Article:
4.3. Platform Internal Architecture

Figure 7 represents the organization of the various services installed in the OBU, how they interact with the wireless communication endpoints, and the data exchanges that exist. Three new types of messages are defined:
  • OVSM: OBD-II’s Vehicular Sensor Message—formed with an ETSI ITS standard header and a message body, including the reference position and the sensor data that are available from the OBD-II reader.
  • SPVSM: SmartPhone’s Vehicular Sensor Message—includes an ETSI ITS standard header and a message body with both the reference position and the sensor data available from the smartphone device;
  • VSM: Vehicular Sensor Message—combines the content of the previous messages (whenever available) with an ETSI ITS standard header.
An MQTT broker acts as the central element that behaves as a message distributor, diffusing messages between the smartphone, the OBU, and other clients. OVSMs and SPVSMs are published here. Different services are then defined to accomplish a scalable and flexible data collection mechanism:
  • it2s-obd: Manages the BLE communications between the OBU and the CAN/OBD-II reader, then uses these data to compose the OVSM messages and send them to the MQTT broker.
  • it2s-peripherals: Acts as an MQTT client, filters the received messages, such as the SPVSMs and OVSMs, and ensures their data are available to other services via shared memory files. A shared library is included to interact with them.
  • it2s-gps: Manages the external GPS module, collects its data, and ensures it is available to the services via a shared memory file. A shared library is included to interact with it.
  • it2s-data-collection: Responsible for collecting data from every data endpoint, creating VSM messages, and finally disseminating them to the cloud via cellular networks.
Finally, ETSI ITS-S Stack is the implementation of the ETSI-defined ITS Station (ITS-S) reference architecture [29]. The facilities layer is adapted to use the it2s-peripherals shared library, using the sensor data to include it in various C-ITS messages such as CAMs or DENMs.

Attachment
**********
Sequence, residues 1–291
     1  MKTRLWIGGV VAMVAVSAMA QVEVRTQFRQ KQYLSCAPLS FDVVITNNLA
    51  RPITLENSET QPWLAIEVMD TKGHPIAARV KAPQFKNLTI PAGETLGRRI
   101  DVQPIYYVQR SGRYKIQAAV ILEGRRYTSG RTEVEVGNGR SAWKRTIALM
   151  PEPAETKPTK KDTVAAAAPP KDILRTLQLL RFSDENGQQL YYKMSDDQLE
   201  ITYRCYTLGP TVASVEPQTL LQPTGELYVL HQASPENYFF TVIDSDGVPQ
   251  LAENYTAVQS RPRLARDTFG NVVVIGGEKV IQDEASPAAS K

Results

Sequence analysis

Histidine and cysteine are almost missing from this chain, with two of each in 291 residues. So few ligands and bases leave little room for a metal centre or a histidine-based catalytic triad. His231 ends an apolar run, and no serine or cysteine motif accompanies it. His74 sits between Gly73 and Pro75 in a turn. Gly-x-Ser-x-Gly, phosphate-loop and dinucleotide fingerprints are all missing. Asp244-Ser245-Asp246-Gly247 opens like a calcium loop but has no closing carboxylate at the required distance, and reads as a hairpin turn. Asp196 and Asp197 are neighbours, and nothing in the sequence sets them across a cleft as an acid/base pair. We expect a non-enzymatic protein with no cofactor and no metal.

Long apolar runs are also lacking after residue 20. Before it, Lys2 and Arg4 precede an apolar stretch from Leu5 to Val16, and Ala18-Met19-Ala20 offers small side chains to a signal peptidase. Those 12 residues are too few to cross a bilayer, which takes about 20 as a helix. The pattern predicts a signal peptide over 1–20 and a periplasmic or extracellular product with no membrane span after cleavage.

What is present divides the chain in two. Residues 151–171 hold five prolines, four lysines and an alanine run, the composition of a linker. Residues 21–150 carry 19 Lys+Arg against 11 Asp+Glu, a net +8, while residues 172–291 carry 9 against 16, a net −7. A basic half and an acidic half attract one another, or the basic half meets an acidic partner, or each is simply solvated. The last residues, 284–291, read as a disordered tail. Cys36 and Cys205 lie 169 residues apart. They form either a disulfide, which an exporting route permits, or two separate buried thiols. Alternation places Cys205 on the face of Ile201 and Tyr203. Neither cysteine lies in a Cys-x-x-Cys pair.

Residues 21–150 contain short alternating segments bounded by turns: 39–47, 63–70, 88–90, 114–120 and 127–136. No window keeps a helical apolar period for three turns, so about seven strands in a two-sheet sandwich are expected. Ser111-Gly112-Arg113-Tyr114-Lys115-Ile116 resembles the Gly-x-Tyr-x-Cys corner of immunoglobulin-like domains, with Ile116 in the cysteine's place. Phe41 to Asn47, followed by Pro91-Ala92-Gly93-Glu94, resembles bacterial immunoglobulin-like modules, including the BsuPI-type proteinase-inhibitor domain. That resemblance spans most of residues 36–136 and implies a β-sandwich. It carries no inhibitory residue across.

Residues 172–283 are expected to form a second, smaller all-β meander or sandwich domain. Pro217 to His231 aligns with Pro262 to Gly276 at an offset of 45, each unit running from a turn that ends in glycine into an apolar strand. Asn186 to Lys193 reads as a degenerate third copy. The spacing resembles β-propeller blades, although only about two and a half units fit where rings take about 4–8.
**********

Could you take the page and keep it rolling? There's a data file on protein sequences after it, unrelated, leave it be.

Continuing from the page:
5. Implementation

A list of the parameters to collect from each data source (OBD-II, CAN bus, and smartphone) is shown in Table 3.
On the one hand, ideally, the OBD-II parameters would also be collected directly through the CAN bus, because this eliminates the need to send request messages and wait for the responses and also improves the granularity of the collected data. On the other hand, identifying parameters in the non-standardized messages present in the bus is a difficult task, because different vehicle manufacturers develop distinct ways of representing content in CAN messages (e.g., data may be in signed or unsigned values, little-endian or big-endian, and conversion to integers may have different scales and offsets). Because of this, interpreting the data in a generic way is a difficult task. Furthermore, the CAN Database (CAN DBC) files are not easily accessible and the ones that can be found on online forums such as opengarages are often incomplete and not available for all car models, causing it to be impossible to have a ground truth set of CAN IDs.
With this in mind, a hybrid solution is implemented. Individual parameter identification was carried out through state-of-the-art reserve engineering methods in order to identify which CAN IDs were relevant, but the results of their application widely vary between different vehicles. This problem is somewhat diminished by the usage of the standardized OBD-II request/response messages, but this is also limited by the parameter IDs defined by the standard.

5.1. OBD-II Reader

This entity is implemented through the Carloop development kit that interacts with the CAN bus via the OBD-II port in conjunction with a RedBear Duo development kit that acts as a CAN controller and contains the BLE interface to connect to the ITS-G5 platform.
The data exchanges are defined by the Generic Atribute Protocol (GATT) protocol, which allows communication between devices through the transmission of attributes, consisting of concepts such as services or characteristics. A GATT server is implemented with a custom profile on the BLE peripheral (Carloop), while the BLE central (ITS-G5 platform) initiates the connection and uses the profile to receive data. This profile is configured with a rate of 10 Hz for the device to send a burst of notifications that contain every new reading that was captured from the CAN bus. The payloads of these notifications are composed of the notification ID (NID), which is used to identify which parameter it contains, and four bytes of data, encoded as floating point numbers.

5.2. Smartphone Application